Apart from being an important requirement of the Health and Care Professions Council (HCPC) registration, medical negligence cover is probably the most important policy in the career of a paramedic, or any health professional involved in the treatment of patients.
Medical negligence insurance
The cover is generally described as Medical Malpractice insurance—but can often be referred to as Medical Liability insurance, Medical Indemnity, Clinical Negligence cover or Professional Indemnity. Its overriding objective is to insure the health professional against claims arising from wrongful advice or negligent treatment.
Who should purchase this cover?
Any health professional delivering medical services should establish how their work will be insured before engaging in practice. There are two basic areas, each with a different perspective; the first applies to engagement as an employee, and the second, as an independent/voluntary paramedic.
Where the paramedic is employed under a contract of employment, the employer is legally liable for the negligence of their employees (whether that negligence is medically related or otherwise). The employer therefore should maintain an appropriate policy in their name, covering all business liabilities including claims arising from the medical negligence of its employees. To satisfy HCPC regulations, employees should check with their employer they have the necessary insurance before commencing employment.
Independent/voluntary paramedics are usually accountable for their own advice and treatments, for example, if they are self-employed or while acting as an independent contractor. It is often overlooked that insurance will also be required when paramedics offer advice or provide treatments on a voluntary basis (such as to local amateur sports clubs, charities, or simply to family or friends), or when acting as a Good Samaritan.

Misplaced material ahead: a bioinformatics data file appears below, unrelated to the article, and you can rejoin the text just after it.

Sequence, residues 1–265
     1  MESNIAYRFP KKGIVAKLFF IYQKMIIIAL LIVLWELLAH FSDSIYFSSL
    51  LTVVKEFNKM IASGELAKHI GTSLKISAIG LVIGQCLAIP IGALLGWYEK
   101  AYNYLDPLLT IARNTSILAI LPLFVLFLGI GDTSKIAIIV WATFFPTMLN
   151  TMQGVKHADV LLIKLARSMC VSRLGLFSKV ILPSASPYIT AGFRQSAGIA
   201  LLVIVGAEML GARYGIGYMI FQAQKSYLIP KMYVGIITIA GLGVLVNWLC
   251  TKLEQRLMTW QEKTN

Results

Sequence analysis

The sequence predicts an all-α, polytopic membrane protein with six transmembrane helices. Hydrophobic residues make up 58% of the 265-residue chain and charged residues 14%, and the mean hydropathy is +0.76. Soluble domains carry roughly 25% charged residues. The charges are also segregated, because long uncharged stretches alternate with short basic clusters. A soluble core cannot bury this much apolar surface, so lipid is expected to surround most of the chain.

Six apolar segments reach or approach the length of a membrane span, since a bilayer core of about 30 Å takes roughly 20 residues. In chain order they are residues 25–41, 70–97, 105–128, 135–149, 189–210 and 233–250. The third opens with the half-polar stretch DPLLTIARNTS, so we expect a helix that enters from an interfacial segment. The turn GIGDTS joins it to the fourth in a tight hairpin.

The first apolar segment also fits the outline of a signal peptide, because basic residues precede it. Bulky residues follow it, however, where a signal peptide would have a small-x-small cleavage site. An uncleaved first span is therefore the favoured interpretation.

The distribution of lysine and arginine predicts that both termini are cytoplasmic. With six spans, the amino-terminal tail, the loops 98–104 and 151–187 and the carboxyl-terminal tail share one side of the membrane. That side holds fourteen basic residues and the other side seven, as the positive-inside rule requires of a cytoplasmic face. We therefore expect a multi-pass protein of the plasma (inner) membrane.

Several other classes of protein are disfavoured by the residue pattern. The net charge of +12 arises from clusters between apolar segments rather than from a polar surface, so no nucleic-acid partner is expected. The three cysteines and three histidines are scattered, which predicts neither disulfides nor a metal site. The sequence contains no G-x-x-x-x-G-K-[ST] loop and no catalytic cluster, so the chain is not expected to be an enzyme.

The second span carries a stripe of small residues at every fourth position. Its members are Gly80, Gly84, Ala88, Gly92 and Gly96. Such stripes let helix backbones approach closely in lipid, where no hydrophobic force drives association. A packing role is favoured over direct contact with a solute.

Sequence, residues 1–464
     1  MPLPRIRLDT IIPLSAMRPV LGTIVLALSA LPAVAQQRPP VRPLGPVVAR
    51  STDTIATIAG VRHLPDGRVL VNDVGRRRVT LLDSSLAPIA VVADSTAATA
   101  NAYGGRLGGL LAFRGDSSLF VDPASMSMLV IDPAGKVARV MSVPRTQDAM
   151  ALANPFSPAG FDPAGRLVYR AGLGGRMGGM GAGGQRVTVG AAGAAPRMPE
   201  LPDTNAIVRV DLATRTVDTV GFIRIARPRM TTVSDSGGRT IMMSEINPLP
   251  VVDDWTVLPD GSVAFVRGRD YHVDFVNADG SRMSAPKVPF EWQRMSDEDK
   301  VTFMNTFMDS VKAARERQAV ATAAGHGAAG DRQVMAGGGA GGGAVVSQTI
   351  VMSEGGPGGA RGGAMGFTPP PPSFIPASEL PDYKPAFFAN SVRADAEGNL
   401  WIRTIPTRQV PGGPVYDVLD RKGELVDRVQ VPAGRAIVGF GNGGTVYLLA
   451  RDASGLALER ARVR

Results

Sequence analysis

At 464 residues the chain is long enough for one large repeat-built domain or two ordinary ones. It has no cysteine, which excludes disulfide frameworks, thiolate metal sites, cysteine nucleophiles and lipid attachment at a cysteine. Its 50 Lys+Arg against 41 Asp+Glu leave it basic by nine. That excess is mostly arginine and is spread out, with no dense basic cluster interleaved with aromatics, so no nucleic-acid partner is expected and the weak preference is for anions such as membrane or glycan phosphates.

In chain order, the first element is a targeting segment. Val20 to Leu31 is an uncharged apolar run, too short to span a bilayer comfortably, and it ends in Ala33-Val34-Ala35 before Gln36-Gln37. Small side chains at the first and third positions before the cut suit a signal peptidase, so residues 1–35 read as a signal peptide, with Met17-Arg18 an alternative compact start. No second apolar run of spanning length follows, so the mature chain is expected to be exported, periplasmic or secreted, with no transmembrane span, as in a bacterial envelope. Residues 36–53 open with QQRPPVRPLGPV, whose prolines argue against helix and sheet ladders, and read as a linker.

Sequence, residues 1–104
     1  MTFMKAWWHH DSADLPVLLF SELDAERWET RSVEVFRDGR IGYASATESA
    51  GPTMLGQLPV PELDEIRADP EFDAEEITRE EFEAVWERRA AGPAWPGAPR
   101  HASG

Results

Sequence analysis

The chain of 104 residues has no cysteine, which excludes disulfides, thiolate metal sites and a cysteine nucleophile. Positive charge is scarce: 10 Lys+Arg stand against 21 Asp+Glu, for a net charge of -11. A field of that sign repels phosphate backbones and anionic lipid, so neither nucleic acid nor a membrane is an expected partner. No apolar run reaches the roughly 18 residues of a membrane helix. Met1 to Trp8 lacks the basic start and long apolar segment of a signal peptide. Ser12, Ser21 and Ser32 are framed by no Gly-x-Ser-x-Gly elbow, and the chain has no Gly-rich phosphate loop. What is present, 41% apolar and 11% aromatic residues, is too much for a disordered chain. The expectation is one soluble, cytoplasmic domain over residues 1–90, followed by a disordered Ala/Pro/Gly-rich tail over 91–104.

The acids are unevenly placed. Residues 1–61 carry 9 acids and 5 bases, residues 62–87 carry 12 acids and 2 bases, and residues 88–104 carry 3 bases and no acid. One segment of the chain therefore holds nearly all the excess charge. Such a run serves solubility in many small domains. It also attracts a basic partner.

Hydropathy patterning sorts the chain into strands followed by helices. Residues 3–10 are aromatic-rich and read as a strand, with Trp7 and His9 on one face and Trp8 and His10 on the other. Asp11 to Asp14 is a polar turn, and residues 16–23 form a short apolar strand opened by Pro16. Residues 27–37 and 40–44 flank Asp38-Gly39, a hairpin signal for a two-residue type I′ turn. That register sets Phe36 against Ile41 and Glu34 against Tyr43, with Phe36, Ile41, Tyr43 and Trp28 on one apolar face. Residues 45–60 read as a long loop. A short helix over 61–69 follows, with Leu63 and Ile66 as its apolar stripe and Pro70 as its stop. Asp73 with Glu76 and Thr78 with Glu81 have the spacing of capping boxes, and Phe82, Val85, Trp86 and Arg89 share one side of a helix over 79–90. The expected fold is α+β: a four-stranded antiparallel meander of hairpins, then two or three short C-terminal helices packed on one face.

Insurance options for paramedics
There are three main forms of indemnity cover available to paramedics:
Insurance that is arranged by their employer for work undertaken within the employee's scope of employment. The policies held by employers should include Medical Malpractice, Professional Indemnity, Public and Employers Liability in their name, and it is important the employer informs employees of any specific exclusions within the policy that may affect the scope of work undertaken
Insurance arranged by individual paramedics (or their trading entity) in respect of medical services for which they or their organisation are legally accountable. This will normally include Medical Malpractice, Professional Indemnity and Public Liability—all of which can usually be included within one policy
The College of Paramedics provides a block insurance scheme for all eligible members as a benefit of membership providing cover for voluntary and unpaid work, Good Samaritan acts, and a limited amount of paid work (up to £5000 per annum) outside of the member's main employment, but excluding any NHS work.